Regulation – especially its steady rise – has been in the public eye for some time. But repeated attempts to combat the torrents of red tape have not had much success so far. For Avenir Suisse‘s latest publication – the second on the subject – Peter Buomberger and Tobias Schlegel have looked outside the country for more promising efforts. Their recommendations for Switzerland include “one in, one out” rules, fixed expiry dates for laws, more perspective when adopting international standards, considering zero based regulation and a macroeconomic “regulatory brake.”

Everyone is talking about excessive regulation. In the past 10 years, there have been more than 100 different motions in the Swiss parliament aimed at deregulation and cutting bureaucracy, but they have not borne fruit. Rather, the opposite: the regulatory jungle has actually thickened. While the odd rule has been abolished, others – like Medusa’s head – have grown back elsewhere. According to estimates, the cost today of bureaucracy on companies amounts to up to 10% of GDP. The costs in terms of growth foregone must be substantially higher. There are many reasons for the expanding regulatory jungle: international rules that are often adopted without thinking, civil service activism, corporate lobbying, as well as a general rise in demands on the state. On an individual basis, the measures often seem sensible. But, in combination, they can have a paralysing effect – hence the so called “Gulliver Syndrome.”.

Avenir Suisse’s new “avenir debate” publication by Peter Buomberger and Tobias Schlegel shows a significant reduction in regulation is possible. The Netherlands, Britain and Germany are much more advanced in this area than Switzerland. They have clearly defined goals, standardised cost assessments and independent evaluating bodies. The following measures should be considered for Switzerland:

  • One in, one out rules that look at sectors of the economy on an individual basis. For every new law, an old one should be abolished. Britain and Canada have already seen early successes with this policy. To exclude turf wars, it should be applied only within a specific regulatory area.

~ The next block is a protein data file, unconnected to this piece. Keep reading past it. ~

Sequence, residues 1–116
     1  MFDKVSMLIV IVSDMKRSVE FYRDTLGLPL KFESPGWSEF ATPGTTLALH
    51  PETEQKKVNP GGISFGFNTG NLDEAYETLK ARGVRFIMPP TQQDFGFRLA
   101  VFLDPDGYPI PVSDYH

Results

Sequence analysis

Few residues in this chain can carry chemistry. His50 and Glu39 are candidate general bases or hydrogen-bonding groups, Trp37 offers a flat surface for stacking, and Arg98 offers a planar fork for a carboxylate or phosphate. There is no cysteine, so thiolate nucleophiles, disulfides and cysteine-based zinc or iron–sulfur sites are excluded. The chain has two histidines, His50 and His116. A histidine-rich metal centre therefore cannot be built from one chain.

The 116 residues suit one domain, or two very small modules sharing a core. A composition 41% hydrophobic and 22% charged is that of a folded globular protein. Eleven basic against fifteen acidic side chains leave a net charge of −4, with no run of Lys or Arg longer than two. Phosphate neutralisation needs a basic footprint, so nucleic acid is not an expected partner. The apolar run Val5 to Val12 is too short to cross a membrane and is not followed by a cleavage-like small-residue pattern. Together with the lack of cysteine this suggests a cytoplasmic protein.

• An expiry date for new laws. This step was introduced in the US under the name “Sunset-Clause.” It requires laws to be re-evaluated before an expiry date.
  • Opting out of international regulations. Globalisation has led to greater international co-ordination. But it doesn’t make much sense to burden start-ups or small and medium sized businesses focused on the domestic market with extra rules. Wherever possible, they should be offered the possibility of opting out.
  • Zero based regulation for new technologies. There is the danger that outdated regulations could impede disruptive innovations or new companies’ market access. As with “zero based budgeting”, “zero based regulation” could be implemented, whereby all existing rules in a given sector would be replaced by a new regulatory framework.
  • Better governance structures in the regulatory process. It is important to keep the regulatory process on track from the start, as the possibility for changes after the parliamentary stage is limited. This could be achieved through an early “quality check” and a later deeper evaluation, with both stages being conducted by an independent evaluation body.
  • A macroeconomic “regulatory brake” setting an upper limit. As mentioned, the absolute numbers of regulations is a problem, as there is a multiplier effect. What would be sensible would be a one off reduction target (for example 25%), followed by the introduction of a legally binding “regulatory brake” freezing regulatory costs at a given level.

At a time when Swiss companies are particularly burdened by the strong franc and global growth prospects have dimmed, a radical reduction in regulations could be an important signal, boosting confidence in the domestic economy. But what will count in the end is the political will. Experience abroad has shown that too.